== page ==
Sicker than your average, I walk around with my head high, kind of woman. Not because I’m full of it, full of shit, or think I’m better than the rest, but because I know who I am and I’m proud to be, a woman. Far from average, I handle business on a daily, kind of woman. On the grind, on a mission to provide, for everyone, kind of woman. Take one good look, because that’s all you’re going to get; no time to slow down for anything, woman.
If you want to waste my time, I’m not your woman.
I get mine and hope you’re getting yours too, kind of woman. No stuck up shit, I’m headed to the top and want to take you with me, woman. You want to know me, know my mind and soul, not just my scent or the way my hips move, kind of woman. I set my standards high because I know what I deserve, kind of woman. No doubt, I appreciate for what it is, but if it’s not meant to be, I keep things moving, kind of woman. I love love and love hard, so be prepared, kind of woman.
Beyond sexual, so intellectual, I want to enlighten, be your soul’s inspiration, kind of woman. I don’t take a thing for granted because I know nothing lasts forever, but I’ll forever be, a woman. Forever, your woman, if that was the case. I believe in the highest power who gave me my purpose, my power, as a woman. I do what I love and I love what I do, kind of woman. I don’t stress to impress anyone but myself; I am a perfectionist, yet imperfect altogether so appreciate it, kind of woman. I won’t trip if you don’t, it’s not the end of the world, woman.
Respect is given but can easily be lost, kind of woman. No drama resides here because I’m a positive kind of woman, a positive woman. It’s all in the laws of the universe, I can and will be where I need to be, kind of woman. So let’s keep it moving, women. I’m for change and for the better, kind of woman. I want to make a change because I know I can, kind of woman. So stand up because I know we can, women.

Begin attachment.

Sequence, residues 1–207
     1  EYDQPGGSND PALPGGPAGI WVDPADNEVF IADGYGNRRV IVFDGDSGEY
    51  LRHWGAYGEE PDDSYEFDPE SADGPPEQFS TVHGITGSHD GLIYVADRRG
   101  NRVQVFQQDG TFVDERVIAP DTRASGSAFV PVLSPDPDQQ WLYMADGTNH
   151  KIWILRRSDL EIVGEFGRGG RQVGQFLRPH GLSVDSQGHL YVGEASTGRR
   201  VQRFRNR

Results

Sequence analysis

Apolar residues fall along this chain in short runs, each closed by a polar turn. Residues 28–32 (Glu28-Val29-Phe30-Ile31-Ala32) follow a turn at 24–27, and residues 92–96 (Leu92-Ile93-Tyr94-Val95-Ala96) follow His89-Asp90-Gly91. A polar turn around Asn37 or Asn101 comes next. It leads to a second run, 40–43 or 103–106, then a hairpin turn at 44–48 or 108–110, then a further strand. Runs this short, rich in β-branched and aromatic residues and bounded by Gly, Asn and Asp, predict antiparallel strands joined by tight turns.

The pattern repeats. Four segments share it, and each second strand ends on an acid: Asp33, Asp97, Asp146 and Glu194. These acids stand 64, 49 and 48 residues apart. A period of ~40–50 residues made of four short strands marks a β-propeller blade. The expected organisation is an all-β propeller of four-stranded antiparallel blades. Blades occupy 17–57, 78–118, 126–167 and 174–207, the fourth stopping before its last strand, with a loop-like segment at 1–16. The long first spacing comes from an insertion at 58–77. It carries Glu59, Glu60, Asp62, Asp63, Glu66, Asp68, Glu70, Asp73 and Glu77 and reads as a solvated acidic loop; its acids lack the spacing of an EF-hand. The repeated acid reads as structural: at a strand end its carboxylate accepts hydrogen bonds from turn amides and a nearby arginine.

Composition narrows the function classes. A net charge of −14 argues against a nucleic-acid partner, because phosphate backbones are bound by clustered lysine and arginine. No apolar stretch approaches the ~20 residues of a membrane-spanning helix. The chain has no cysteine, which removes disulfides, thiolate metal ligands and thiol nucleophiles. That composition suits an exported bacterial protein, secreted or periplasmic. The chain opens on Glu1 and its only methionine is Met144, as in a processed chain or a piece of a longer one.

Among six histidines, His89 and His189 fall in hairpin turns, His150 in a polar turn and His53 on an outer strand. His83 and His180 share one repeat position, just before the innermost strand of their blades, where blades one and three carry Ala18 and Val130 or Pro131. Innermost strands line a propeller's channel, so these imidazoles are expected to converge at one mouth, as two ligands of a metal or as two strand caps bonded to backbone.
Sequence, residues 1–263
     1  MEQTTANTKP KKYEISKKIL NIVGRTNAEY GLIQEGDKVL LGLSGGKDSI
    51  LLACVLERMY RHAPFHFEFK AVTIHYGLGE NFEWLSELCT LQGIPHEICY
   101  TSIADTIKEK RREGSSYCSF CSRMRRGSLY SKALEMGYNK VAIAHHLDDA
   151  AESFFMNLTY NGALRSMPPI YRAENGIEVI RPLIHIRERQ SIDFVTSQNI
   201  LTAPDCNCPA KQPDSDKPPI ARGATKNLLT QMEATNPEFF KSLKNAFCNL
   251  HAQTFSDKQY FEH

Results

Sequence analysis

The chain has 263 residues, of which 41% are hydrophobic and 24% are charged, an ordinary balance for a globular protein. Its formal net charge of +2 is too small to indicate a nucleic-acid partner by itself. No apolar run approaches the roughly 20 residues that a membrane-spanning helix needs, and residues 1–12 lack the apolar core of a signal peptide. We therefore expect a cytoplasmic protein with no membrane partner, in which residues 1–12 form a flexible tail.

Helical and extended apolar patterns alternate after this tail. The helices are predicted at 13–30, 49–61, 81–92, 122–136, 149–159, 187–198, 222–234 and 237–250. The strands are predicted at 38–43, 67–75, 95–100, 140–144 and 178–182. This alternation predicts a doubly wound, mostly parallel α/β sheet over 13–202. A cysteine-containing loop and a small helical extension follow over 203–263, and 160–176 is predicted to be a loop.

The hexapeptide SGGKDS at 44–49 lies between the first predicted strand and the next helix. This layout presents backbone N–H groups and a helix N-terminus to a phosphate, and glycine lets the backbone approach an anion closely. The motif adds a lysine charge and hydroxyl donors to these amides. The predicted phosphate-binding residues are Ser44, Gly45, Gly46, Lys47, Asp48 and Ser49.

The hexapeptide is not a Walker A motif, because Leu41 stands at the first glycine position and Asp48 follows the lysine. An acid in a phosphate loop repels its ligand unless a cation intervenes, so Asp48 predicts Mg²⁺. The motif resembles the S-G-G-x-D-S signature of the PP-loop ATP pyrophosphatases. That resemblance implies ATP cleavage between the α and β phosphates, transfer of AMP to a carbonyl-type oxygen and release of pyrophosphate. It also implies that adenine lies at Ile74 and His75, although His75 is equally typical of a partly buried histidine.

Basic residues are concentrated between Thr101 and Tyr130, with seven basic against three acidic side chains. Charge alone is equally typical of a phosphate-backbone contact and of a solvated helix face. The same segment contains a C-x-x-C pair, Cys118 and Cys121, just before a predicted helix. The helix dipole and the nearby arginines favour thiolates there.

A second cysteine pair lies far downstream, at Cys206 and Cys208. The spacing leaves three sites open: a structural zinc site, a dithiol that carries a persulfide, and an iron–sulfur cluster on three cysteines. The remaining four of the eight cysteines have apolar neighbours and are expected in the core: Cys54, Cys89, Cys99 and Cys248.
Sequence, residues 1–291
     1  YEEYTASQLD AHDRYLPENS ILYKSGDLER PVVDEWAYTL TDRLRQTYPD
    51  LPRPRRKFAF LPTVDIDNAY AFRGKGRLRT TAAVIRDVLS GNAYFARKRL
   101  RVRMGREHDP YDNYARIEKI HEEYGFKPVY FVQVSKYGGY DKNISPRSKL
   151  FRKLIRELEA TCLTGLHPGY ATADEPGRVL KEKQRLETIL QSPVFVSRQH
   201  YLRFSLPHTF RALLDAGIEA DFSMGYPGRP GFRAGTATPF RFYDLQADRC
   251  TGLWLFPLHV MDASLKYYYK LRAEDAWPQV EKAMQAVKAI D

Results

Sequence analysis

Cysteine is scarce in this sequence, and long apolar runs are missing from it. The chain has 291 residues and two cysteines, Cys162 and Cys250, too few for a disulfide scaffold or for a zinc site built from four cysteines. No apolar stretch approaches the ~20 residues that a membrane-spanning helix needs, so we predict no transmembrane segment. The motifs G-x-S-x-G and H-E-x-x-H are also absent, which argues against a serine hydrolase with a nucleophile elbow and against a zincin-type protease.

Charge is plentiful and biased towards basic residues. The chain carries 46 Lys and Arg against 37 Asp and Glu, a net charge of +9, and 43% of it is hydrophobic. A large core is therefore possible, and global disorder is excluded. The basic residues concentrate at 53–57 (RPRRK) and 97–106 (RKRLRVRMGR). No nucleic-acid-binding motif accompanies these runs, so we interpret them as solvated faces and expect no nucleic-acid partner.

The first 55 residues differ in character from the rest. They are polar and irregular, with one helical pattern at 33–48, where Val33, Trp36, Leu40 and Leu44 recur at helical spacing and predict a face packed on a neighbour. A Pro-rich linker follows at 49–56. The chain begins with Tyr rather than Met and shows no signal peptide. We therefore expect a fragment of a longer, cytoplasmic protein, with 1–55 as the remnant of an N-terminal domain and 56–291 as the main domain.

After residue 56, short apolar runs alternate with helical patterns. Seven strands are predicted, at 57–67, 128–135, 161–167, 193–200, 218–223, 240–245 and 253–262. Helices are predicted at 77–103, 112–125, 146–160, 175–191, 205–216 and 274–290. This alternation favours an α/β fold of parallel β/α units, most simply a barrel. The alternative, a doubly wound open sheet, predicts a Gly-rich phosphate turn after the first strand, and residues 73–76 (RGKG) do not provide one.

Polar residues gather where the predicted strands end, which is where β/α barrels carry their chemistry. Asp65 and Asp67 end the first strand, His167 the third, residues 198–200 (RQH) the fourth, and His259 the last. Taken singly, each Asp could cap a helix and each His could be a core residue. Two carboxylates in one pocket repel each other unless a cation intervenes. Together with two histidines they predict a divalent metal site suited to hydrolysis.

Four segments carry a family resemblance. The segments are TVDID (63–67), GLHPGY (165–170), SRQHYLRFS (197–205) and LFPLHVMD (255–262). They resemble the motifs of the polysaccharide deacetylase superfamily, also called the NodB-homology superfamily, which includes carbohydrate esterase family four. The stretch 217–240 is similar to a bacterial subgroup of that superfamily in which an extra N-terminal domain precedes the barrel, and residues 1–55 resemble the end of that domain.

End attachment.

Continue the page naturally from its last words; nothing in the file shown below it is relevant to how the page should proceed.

This is as honest as I can be.
My birthday says I’m a Sagittarius. That’s a fire sign, and some have said that suits me perfectly. I don’t quite know what that means.
I am 5’3″, I weigh 128 lbs, I don’t know how to swim, and I’m a sucker for a man with a nice smile and clean sneakers.
I’m still learning how to act in public. I’m often loud in places I should be quiet, or tell the truth without concern of who’s within ear shot. I’ve been told I’m not very friendly, but am a really good friend. Go figure.
I like food. A lot. I eat my feelings – good or bad – and have to, have to, HAVE TO have dessert after dinner. I once read I should be with someone that makes me feel like when my food comes out at a restaurant. I’ve never looked at love the same since.
Most of the time I feel everything good in my life is deserved. Sometimes–secretly–I’m afraid I’m not good enough. Not for this family, not for this job, not for these friends or that man. Not for this life. I also get nervous when someone gets close enough to hear me breathe.
I don’t have much balance or coordination. Except when I dance. Somehow music works magic in my body and viola! I have rhythm and can stay upright.
My son is a mirror. Loving him is showing me everything I need to work on like patience, forgiveness, and spontaneity. Being his mother is also the most fulfilling role I have ever been in. Ever.
I have trouble looking people in the eyes when I am feeling vulnerable. I often look at the walls when I’m spilling my heart out. It’s less terrifying, like a night light in the dark. It’s more like I’m talking to myself than another actual human being.
Speaking of, I talk to myself a lot. I also have a staring problem which has sometimes caused problems. Sometimes.
I fall in love a thousand times a day: with the sound of my son laughing, the smell of my dad cooking, strangers holding hands on the street. With the music blasting from my phone, my brand new sweater, and quite possibly one more time…but good luck getting me to say that shit out loud.
I have an odd fascination with North Korea, plants that eat animals, slinkys, and generally things that don’t make much sense. Probably why I’ve historically stayed too long in situations that just don’t make any sense. Those last two sentences are proof that I only make sense of things when I say them out loud or write them down.
For the first time in my life I’m in a situation that feels…safe. And it’s making me realize that I’m actually not afraid of heights or snakes or big bodies of water, but I am terrified of actually having what I’ve dreamed of and of being loved by a heart that matches mine because yo, I AM FUCKING INTENSE.
I just learned that about myself, too. And you can’t tell right now, but my heart is breakdancing in my chest because I have been way too open for my own good but I will still share it because that’s what this blog is about. My ears ring whenever shit like this happens… when the truth has the aggressive audacity to be…I don’t know…..
“We have blemishes and we carry scars. We are tarnished, tainted, and decorated with filth; but beneath the dust, the dirt, there lives always diamonds, and behind the cloudy night, lives always, a sea of endless stars.” — Christopher Poindexter